Sony Alpha NEX-7



The Alpha NEX-7 is the flagship in Sony’s range of NEX Compact System Cameras, CSCs. The NEX range began with models aimed at compact point-and shoot upgraders, but photo enthusiasts have always been beguiled by the quality potential and low light performance offered by its APS-C sensor – the largest of any CSC outside of the Leica M9.

Until now the lack of proper manual controls and a built-in viewfinder compromised the suitability of NEX models as DSLR replacements, but the arrival of the NEX-7 changes all that. The NEX-7’s ultra high resolution OLED has 2.4 million pixels making it the highest resolution EVF on any compact system camera by a large measure. It’s big, bright and the closest you’ll get to optical viewfinder performance in a mirrorless camera.

In contrast to earlier NEX models, the NEX-7 doesn’t scrimp on physical controls and its three-dial system makes exposure adjustment as easy as on a DSLR. Although the default setup could be improved upon, ample opportunities for customisation make it possible to access virtually all of the camera’s functions without recourse to a menu. The NEX-7 also offers an impressive array of movie modes with a best quality mode of 1080p50/60. But what sets it apart from from many other compact system cameras is the total control it offers over exposure, with the bonus of an external microphone input too. Throw in excellent image quality, great low light performance and outstanding continuous shooting performance and it all adds up to a very compelling ‘pro’ compact system camera.


Compared to Sony Alpha NEX-5N


First, let’s look at just what sets these two models apart. The most obvious differences in hardware are the NEX-7’s higher resolution 24.3 Megapixel sensor vs 16.1 Megapixels on the NEX-5N, the built in Electronic Viewfinder and the additional control dials. The NEX-7 also has a built-in flash whereas the NEX-5N is supplied with a screw-on accessory and the 5N also lacks the NEX-7’s hotshoe and external mic socket.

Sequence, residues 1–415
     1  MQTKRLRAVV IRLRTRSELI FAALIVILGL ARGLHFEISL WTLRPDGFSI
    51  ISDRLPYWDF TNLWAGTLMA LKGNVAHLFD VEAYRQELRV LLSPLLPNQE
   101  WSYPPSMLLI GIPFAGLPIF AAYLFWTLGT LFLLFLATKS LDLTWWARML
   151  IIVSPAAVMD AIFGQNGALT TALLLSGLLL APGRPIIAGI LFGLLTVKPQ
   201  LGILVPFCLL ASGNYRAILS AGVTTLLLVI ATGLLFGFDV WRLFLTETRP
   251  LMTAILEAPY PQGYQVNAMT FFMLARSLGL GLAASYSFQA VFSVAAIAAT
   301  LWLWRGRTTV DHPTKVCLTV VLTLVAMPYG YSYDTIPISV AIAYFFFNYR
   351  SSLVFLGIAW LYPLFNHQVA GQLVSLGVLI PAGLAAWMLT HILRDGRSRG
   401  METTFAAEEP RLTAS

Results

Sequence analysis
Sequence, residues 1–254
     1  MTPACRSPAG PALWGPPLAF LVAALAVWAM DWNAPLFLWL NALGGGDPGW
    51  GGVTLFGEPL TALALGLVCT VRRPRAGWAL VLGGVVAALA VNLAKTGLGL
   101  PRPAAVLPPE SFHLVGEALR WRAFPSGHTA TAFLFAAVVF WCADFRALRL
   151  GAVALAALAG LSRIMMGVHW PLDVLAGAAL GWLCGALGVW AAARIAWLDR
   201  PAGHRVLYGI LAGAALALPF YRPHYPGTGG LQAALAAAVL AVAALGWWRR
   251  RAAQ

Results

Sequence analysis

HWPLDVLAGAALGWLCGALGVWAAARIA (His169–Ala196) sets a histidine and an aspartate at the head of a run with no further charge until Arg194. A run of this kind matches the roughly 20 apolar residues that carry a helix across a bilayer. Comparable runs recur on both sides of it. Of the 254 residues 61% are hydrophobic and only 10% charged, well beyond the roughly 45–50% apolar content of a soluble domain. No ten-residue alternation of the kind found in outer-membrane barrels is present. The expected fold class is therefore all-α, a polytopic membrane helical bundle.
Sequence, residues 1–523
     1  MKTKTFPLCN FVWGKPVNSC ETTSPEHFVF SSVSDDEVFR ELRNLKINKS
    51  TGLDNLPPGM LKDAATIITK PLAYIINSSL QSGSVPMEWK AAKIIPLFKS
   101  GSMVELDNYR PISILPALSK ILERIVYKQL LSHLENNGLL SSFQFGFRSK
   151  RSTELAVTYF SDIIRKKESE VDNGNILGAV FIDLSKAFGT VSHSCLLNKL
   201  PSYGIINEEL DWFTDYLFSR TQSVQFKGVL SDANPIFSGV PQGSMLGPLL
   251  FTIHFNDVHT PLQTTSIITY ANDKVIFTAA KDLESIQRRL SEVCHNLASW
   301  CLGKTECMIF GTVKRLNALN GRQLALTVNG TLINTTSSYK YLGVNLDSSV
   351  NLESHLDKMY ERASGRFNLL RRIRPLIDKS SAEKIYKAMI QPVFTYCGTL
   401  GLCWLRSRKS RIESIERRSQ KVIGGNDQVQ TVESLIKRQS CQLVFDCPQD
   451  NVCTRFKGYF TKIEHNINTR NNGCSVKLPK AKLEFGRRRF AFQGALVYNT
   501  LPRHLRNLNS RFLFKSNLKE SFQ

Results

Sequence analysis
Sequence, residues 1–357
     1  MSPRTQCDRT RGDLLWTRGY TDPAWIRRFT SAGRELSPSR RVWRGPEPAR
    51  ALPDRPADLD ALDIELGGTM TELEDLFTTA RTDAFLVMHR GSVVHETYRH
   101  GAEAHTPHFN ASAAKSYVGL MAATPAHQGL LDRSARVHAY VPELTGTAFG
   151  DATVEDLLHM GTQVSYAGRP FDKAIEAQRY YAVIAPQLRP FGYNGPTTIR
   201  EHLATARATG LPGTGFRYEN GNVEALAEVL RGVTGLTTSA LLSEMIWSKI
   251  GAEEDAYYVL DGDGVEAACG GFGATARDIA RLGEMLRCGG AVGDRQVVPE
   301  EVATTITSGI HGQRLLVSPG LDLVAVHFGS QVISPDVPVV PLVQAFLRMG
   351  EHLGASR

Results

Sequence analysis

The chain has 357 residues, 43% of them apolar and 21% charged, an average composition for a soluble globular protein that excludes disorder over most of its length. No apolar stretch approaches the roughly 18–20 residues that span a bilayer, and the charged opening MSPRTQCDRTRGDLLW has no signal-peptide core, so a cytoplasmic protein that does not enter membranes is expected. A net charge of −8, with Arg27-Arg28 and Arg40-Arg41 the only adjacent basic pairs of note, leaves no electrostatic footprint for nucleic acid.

There’s not a huge gulf between the two models in terms of performance though. The NEX-7s higher pixel count may come in handy if you like big prints but, surprisingly, doesn’t really compromise image quality or high ISO performance a great deal. And the NEX-7 outpaces the NEX-5N’s continuous shooting performance, but the 5N is no slouch and can fire off a 10 frame burst at 10fps, so unless you shoot a lot of fast action sequences this is unlikely to be a determining factor.

The NEX-5N of course has the advantage of a touch screen, which makes operation easier in some ways, for example to focus during movie recording. It also provides Photo Creativity results-based controls in Intelligent Auto mode, something the NEX-7 lacks. And while the NEX-5N provides the same video modes with as much control over exposure during recording as the NEX-7, it doesn’t feel as responsive because of the lack of physical controls to take advantage of those features.

In fact, it’s hard to believe that two cameras which share so much in terms of their design could be so different terms of their handling. Fitting the FDA-EV1S electronic viewfinder to the 5N, (which has exactly the same specification as the NEX-7’s built-in viewfinder) won’t turn it into an NEX-7. The control dials are central to everything the NEX-7 does and without those, the Navigation button and the AF/MF/AEL buttons, you lose the ability to quickly and intuitively make changes to exposure settings and other functions.

What this confirms is that Sony has got its positioning exactly right with these models. If you’re looking for a DSLR replacement that provides the same level of control the NEX-7 won’t disappoint. If on the other hand you like the idea of manual control, but prefer to have automated functions that you can override when the situation calls for it, the NEX-5N will be a much better fit – and it also represents great value for money.